“Flying Over Sunset” imagines intriguing LSD trips of three brilliant creative people in the 1950s

By Lucy Komisar

LSD was supposed to make Aldous Huxley, Cary Grant and Clare Booth Luce burst into gorgeous new worlds, but as James Lapine imagines in this inventive, intriguing musical, it makes them more introspective, calling up pasts they cannot escape. As writer-director Lapine mixes that with their politics, I came away admiring the characters Huxley (Harry Hadden-Paton) and Grant (Tony Yazbeck), but had mixed feelings about Luce (Carmen Cusack).

Tony Yazbeck as Cary Grant, Harry Hadden-Paton as Aldous Huxley and Carmen Cusack as Clare Boothe Luce, photo Joan Marcus.

Some of the accounts are true. The three took LSD in the fifties when it was legal. Flying over sunset can mean Sunset Boulevard as well as an imagined lit up sky. However, unlike in the script, they didn’t meet up in Malibu.

They diverge mostly on political themes. Huxley is addressing the Los Angeles Board of Education to defend a teacher fired for recommending his dystopian novel, “Brave New World.” Grant declares, “There has never been a shred of evidence to prove that Mr. Chaplin is a Communist.” But Luce, about to be ambassador to Brazil, declares, “Well, Communism is a real threat in Brazil as well as many other countries in South America.” A Brazilian president who raised the minimum wage had been forced to resign by the military.

Michele Ragusa as the handmaiden, Harry Hadden-Paton as Aldous Huxley and Kanisha Marie Feliciano as Judith, photo Joan Marcus.

Huxley says: “Burn my book if you like, but reinstate the student’s teacher.”
Grant: “It’s time to change this terrible mind-set –”
Luce: “No, I will not amend my statement.”

LSD takes the imagination where it wants to go. For Huxley, paintings are sung. Stories come to life. He sees the biblical Judith with a bloody sword and a handmaiden carrying a basket with the decapitated head of Holofernes. Courageous Judith is compared to his wife Maria, (Laura Shoop), who we later learn has an undeclared illness.

Tony Yazbeck, as Cary Grant photo Joan Marcus.

For Grant, it brings him back to his Bristol working-class roots as Archibald Leach, where at 6 he danced at music halls. “Till the funny money rolls right in” to an old music hall tune is a show stopper. Atticus Ware is terrific as the young Archie who joins Grant and his father (Nehal Joshi) in that memory tap routine.

And Yazbeck (recently in “On the Town” and “Gypsy”) of course has a very fine voice. (Music is by Tom Kitt, lyrics by Michael Korie).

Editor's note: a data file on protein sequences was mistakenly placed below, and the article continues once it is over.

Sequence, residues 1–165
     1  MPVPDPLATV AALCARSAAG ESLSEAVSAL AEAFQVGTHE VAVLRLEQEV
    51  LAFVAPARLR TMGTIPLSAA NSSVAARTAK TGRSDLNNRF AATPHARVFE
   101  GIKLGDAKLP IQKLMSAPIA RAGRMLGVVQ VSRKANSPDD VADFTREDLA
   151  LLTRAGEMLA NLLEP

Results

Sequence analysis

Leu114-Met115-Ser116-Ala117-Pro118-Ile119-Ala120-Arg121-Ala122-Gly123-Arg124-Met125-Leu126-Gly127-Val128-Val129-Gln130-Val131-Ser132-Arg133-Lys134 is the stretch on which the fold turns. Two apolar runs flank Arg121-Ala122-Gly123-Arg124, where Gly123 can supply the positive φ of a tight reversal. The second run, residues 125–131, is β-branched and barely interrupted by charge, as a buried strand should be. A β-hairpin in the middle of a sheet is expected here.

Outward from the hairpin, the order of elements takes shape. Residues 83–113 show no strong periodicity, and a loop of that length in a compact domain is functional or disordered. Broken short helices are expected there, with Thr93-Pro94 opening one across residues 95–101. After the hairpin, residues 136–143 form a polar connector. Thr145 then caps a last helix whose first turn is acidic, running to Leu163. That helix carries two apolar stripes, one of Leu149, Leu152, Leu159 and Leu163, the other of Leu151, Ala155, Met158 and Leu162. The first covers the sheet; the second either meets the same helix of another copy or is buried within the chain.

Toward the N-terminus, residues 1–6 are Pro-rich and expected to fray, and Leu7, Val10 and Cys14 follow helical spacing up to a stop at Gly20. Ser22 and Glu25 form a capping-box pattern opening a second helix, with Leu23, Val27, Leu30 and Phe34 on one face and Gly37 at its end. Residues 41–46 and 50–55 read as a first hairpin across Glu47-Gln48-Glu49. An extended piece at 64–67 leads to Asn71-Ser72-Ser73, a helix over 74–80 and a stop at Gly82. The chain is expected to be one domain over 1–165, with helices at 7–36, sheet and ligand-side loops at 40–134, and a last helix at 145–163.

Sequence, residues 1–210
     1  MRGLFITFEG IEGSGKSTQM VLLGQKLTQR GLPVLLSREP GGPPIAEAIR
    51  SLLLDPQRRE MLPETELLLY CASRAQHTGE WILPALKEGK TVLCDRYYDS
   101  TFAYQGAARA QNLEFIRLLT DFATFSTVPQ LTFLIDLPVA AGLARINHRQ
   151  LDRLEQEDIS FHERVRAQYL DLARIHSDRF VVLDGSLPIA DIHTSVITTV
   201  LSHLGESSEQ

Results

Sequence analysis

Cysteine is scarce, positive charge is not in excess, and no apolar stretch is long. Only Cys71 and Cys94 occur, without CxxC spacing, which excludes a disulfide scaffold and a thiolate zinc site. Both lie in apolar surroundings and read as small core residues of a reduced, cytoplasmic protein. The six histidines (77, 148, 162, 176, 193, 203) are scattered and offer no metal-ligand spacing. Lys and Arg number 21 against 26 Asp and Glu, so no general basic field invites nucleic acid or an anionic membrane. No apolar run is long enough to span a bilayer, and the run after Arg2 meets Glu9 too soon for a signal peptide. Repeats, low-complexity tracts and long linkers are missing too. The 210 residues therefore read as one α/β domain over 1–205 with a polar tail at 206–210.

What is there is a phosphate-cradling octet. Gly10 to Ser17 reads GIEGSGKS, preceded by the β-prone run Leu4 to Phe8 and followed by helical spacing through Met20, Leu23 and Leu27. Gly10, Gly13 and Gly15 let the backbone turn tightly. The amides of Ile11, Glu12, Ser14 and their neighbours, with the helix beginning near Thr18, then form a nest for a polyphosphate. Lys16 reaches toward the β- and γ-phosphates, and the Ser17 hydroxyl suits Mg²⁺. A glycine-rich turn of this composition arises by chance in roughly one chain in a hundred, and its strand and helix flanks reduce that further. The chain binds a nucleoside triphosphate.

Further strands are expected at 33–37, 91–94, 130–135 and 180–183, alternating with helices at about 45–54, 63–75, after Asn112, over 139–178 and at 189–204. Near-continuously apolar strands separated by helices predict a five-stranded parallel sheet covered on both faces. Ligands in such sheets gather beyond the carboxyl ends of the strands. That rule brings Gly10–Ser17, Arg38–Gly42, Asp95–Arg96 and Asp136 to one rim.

But memories are also dark. Grant’s mother dressed him as girl when he was growing up, and he remembers being hungry all the time. Now, feeling that a life of being an adored actor is not real, and separated from the actress Betsy Drake, he goes to a psychiatrist.

On the other side of the class barrier is Luce. She is elegant, lounging at a pool, set off by statues in a wall covered in greenery and speaking Italian to her maid. Cusack has a good soprano. She is a very strong feminist woman. She has had a stellar career, editor of “Vanity Fair,” playwright of “The Women,” described as discussing men in often scorching language, and as a congresswoman from Connecticut. But she has sorrows. Her publisher husband Henry has a mistress, and her daughter was killed in a car crash. Her “trips” dredge up that horrific day.

Robert Sella as Gerald Heard, Harry Hadden-Paton as Aldous Huxley, Carmen Cusack are Clare Boothe Luce and Tony Yazbeck as Cary Grant, photo Joan Marcus.

She and Huxley are dining in LA.  Gerald Heard (Robert Sella), who was a guide for their acid trips, brings Grant over. Huxley says, “Thank you for defending Chaplin.” Luce suggests they take LSD together, to be fellow explorers.

The place is Luce’s Malibu estate set off by palm trees and pink hibiscus. They all relive, imagine lives of various importance to the rest of us.

Grant wants to be in a film with Sophia Loren where she plays a maid hired to look after children. It’s a romance between her and Grant’s character. And was written by his wife Drake before they split. In his imagination he asks Loren (Emily Pynenburg) to leave the producer Carlo Ponti. She says, “I don’t think so. Because you always have to lead.” They are dancing, and Loren leads. Grant: “I don’t like dancing backwards.” Loren: “I don’t either.” Quite an LSD fantasy! Great dance, great Sophia.

Michele Ragusa as Clare’s mother Austin, Carmen Cusack as Clare Boothe Luce, Kanisha Marie Feliciano as her daughter Ann, photo Joan Marcus.

Going back to her worst memory, Luce imagines a mother and daughter, their histories and sorrows. She is still suffused with guilt. And her marriage is disintegrating. She sings, “How do you save a marriage without love, physical love? The human touch I get so little of.”  A huge wave breaks.

The visuals and special effects are striking, sometimes weird, as you would expect. Set by Beowulf Boritt, projections by 59 Productions.

I somehow escaped the sixties without “dropping acid.” And I was too young to have many memories if I had. Just as well!

Flying Over Sunset.” Book and direction by James Lapine, music by Tom Kitt, lyrics by Michael Korie, choreography by Michelle Dorrance. Vivian Beaumont Theater at Lincoln Center, 150 W 65th St., New York City. 212-239-6200. Runtime 2:40. Opened Dec. 13, 2021, closed Jan 16, 2022.


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